Secondly, the court was of the opinion that the provisions violate the right to a fair trial in Article 50(2) of the Constitution as the accused, being insane, is not fully informed of nor appreciates the motions of the trial that eventually convict him. In this case, the court of appeal set aside the death sentence initially made upon a finding of guilty but insane and directed for the treatment of the appellant in a mental hospital where they will be released on certification of the psychiatrist in charge that he is not a danger to himself or the society.

Decriminalizing attempted suicide

While suicidal behavior is a common mental health condition in Kenya with the recent suicide rate in Kenya standing at 4 deaths per day in 2022 according to the Ministry of Health Report, the Penal Code under section 226, read together with section 36, criminalizes attempted suicide and provides a penalty of two years imprisonment.[39] Consequently, the Kenya National Human Rights Commission is of the opinion that criminalization of suicide does not deter people from committing suicide but rather prevents those in need from seeking help as it exacerbates social stigma.[40]The Commission is leading a petition at the High Court of Kenya that seeks to decriminalize attempted suicide. According to their papers filed before the High Court judge, Antony Mrima, they argue that survivors ought to be placed under mental care and not jail.[41]

One of The Kenya Mental Health Taskforce report key findings was that there are legislations with clauses which negatively impacted on people with mental health conditions, psychosocial, intellectual, and cognitive disabilities. To curb such adverse effects, the taskforce recommended that the Kenya Law Reform Commission ought to decriminalize suicide.[42] In addition, the taskforce recommended that Kenya should adopt the WHO guidelines to develop a National Program for suicide prevention.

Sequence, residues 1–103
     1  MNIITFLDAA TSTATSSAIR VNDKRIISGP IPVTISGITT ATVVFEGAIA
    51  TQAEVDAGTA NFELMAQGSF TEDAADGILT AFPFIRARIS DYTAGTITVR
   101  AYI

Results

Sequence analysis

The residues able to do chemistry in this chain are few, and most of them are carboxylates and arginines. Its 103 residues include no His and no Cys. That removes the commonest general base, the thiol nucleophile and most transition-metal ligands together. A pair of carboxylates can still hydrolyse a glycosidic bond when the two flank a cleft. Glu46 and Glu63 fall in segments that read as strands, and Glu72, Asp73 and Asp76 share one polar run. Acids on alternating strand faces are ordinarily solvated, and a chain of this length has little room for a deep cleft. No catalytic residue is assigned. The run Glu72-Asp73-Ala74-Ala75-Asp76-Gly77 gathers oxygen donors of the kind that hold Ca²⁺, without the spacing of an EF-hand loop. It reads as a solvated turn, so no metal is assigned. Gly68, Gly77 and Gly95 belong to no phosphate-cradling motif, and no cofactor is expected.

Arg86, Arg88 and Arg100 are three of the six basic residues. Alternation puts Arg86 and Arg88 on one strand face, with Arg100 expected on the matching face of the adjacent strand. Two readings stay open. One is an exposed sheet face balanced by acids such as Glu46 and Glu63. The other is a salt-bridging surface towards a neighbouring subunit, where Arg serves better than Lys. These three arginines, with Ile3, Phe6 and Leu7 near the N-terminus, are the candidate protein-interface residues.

The report further emphasizes that most mental health legislation is archaic and obsolete, hence there is need for amendment to bring them in line with the provisions of the Convention on the Rights of People with Disabilities (CRPD). The Convention’s purpose is to promote, protect and ensure the full enjoyment of all human rights and fundamental freedoms by all persons with disabilities, and to promote respect for their inherent dignity.[43] Such terminologies that the commission recommends be reviewed include – imbeciles, idiots, lunatics, and criminalization of attempted suicide as they perpetuate stigma and discrimination against persons with mental disorders.[44]

Conclusion

Kenya, like many other countries in Africa, is under-resourced to effectively respond to the rising mental health problems. There is an urgent need therefore, to allocate more funds in order to purchase equipment and train more medical staff in this area. We, however, celebrate the Mental Health Act of 2022 for recognizing and guaranteeing the rights of persons that suffer from mental health disorders.

Nonetheless, there is more work to be done in reviewing other legislations such as the Penal Code and the Criminal Procedure Code to amend terminologies and provisions that degrade and stigmatize persons who are mentally ill. These efforts are necessary if we are to realize the constitutional provision of the right to the highest attainable standard of health for everyone.


[1] Ministry of Health, Kenya https://www.health.go.ke/mental-health-taskforce-urges-government-to-declare-mental-health-a-national-emergency-nairobi-tuesday-july-7-  Accessed 6/4/2023

[2] Ibid